People who bought homes in the Seattle metro area in 2017 made about $10,000 more than homeowners who bought in previous years, and made more than double what renters earn.
Seattle-area home prices are still dropping at the fastest rate in the country. But that doesn’t mean homes are suddenly affordable to people who don’t make good money.
Far from it: The median income of homebuyers in the Seattle metro area has reached $114,000, or about 40 percent more than the region’s actual median household income of $82,000.
A report released Tuesday by Zillow analyzes census data to determine the actual income of homebuyers in the year they purchased their home — by looking at homeowners who moved in the same year.
It shows that, as prices soared in recent years, buyers in 2017 needed more pay than ever to afford a home here: Adjusted for inflation, the median income of homebuyers has jumped $35,000 in five years and is up $15,000 since the bubble popped a decade ago.
Most Read Business Stories
- Home prices booming outside King and Pierce counties; one popular explanation has to do with gophers
- Redhook will be fully absorbed by the brewing industry giant it originally defied
- Circle the carts, grocery stores. Amazon to take aim at lower-cost groceries with a new store.
- No. 1 milk company declares bankruptcy amid drop in demand VIEW
- New McDonald's CEO has tense relationship with franchisees
Homebuyer incomes have grown twice as fast as renter wages in the last half-decade across Greater Seattle. Buyers now make more than twice as much as renters, who have a median income of $55,000.
New homebuyers also make more than those who bought their homes back when houses were cheaper. In 2017, all homeowners in the region — regardless of when they bought — made $104,500, compared with $113,900 for those who bought that year. That’s a new phenomenon; for the previous decade, new homebuyers made about the same as existing homeowners.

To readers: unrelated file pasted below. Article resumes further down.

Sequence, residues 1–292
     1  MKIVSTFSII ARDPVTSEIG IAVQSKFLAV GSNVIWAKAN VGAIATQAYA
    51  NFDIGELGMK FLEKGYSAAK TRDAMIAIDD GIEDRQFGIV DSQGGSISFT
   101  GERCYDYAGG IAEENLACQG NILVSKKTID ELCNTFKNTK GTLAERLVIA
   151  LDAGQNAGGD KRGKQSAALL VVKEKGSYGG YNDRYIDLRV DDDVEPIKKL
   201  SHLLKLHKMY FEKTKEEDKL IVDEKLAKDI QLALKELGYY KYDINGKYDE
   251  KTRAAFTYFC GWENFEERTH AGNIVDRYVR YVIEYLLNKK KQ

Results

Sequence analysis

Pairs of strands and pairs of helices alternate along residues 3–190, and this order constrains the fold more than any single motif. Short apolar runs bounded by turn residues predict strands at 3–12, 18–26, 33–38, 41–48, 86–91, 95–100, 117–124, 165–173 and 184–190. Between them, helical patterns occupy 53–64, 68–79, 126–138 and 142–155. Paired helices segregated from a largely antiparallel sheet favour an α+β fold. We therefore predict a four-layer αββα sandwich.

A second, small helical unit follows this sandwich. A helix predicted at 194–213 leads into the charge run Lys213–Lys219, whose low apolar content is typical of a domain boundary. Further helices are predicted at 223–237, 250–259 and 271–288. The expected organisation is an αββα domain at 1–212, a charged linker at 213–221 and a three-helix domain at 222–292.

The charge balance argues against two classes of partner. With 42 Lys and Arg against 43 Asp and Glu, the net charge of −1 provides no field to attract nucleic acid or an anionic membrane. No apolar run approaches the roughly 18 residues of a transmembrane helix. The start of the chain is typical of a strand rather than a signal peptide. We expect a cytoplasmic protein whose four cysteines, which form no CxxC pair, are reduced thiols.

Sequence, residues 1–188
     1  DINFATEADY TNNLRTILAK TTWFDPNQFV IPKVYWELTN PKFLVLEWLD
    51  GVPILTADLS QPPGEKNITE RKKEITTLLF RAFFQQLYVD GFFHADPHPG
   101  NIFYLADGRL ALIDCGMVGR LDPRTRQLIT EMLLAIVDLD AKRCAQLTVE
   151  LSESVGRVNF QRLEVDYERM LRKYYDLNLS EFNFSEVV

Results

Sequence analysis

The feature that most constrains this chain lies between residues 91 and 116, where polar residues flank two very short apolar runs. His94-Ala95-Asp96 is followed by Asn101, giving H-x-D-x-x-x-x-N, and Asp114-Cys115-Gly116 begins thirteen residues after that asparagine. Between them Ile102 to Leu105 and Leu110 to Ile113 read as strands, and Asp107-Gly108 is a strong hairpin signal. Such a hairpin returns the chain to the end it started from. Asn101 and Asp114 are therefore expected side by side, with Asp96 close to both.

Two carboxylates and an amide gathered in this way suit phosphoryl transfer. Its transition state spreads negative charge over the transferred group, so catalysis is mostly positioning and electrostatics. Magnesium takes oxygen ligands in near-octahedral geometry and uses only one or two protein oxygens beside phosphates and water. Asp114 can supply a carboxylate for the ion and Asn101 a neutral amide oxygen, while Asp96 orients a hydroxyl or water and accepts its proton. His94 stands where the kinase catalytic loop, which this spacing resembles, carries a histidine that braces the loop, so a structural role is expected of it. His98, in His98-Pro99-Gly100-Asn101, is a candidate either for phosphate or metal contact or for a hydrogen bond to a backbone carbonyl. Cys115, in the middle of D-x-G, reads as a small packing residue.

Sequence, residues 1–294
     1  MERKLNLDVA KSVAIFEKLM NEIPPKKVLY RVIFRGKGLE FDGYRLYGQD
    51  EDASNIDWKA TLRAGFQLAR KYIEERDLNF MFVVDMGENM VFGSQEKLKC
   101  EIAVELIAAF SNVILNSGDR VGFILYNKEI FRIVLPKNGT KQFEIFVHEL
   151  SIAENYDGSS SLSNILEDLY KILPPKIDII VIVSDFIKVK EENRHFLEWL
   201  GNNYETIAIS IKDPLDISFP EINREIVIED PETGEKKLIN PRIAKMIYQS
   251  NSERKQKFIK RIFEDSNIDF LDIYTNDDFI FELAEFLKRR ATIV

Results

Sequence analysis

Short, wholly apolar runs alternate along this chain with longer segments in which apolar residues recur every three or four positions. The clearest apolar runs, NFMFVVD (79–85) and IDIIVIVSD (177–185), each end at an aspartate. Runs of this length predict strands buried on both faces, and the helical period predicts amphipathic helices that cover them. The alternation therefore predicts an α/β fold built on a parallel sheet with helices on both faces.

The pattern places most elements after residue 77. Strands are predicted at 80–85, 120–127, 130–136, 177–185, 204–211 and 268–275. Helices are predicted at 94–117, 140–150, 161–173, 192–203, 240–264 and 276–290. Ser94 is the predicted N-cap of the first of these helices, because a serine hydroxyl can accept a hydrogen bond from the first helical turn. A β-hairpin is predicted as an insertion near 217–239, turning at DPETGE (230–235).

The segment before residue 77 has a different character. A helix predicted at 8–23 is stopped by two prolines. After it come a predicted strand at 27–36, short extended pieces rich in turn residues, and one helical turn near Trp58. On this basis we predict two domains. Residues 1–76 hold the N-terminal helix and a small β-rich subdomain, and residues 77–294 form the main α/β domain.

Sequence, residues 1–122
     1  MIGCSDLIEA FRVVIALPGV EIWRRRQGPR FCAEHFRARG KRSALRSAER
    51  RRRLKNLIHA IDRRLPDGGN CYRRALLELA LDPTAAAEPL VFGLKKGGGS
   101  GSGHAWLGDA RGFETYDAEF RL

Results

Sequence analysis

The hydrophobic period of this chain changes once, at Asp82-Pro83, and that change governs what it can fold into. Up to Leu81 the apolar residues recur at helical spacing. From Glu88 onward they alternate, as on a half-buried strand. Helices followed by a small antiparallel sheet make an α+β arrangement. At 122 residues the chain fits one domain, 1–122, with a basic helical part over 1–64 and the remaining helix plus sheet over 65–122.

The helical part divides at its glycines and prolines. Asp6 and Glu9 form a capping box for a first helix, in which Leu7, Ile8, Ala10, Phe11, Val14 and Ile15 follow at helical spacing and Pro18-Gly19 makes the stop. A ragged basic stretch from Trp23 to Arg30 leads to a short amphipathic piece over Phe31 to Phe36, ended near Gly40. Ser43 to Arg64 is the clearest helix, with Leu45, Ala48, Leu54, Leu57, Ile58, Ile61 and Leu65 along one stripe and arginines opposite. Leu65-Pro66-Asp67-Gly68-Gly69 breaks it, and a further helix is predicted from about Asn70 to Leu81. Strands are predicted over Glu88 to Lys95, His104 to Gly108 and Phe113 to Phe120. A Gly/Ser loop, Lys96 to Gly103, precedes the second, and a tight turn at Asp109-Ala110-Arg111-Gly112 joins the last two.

Only six metro areas had median homebuyer incomes higher than in Seattle: San Jose, San Francisco, Boston, Washington, D.C., New York and San Diego. For renters, only San Jose, San Francisco and D.C. tenants made more.
The recent drop in home prices hasn’t been significant enough to move the needle on those trends, at least so far. Prices have dropped 12 percent in the last seven months in King County, but that was after prices grew more than 135 percent in the prior six and a half years.
The monthly Case-Shiller home-price index, also released Tuesday, showed prices fell 0.7 percent in November from the month before, across the region that spans King, Snohomish and Pierce counties.
Seattle was tied with a few other regions for the biggest monthly decline in the country after leading the nation in monthly price drops for the previous three months in a row.
On a year-over-year basis, prices still grew 6.3 percent — the third-most in the country — mostly behind gains from cheaper homes in the outer edges of the region, particularly in Pierce County, where the housing market hasn’t slowed the way it has in King County.
The index divides homes across the metro area into three price categories. The cheapest homes in the region, typically those on the outer edges, saw values grow 9.2 percent in the past year. The priciest homes, mostly those in Seattle and the Eastside, saw prices grow 4.9 percent year-over-year, or less than the national average of 5.2 percent.
The current median home price is $639,000 in King County, $470,000 in Snohomish County and $344,000 in Pierce County.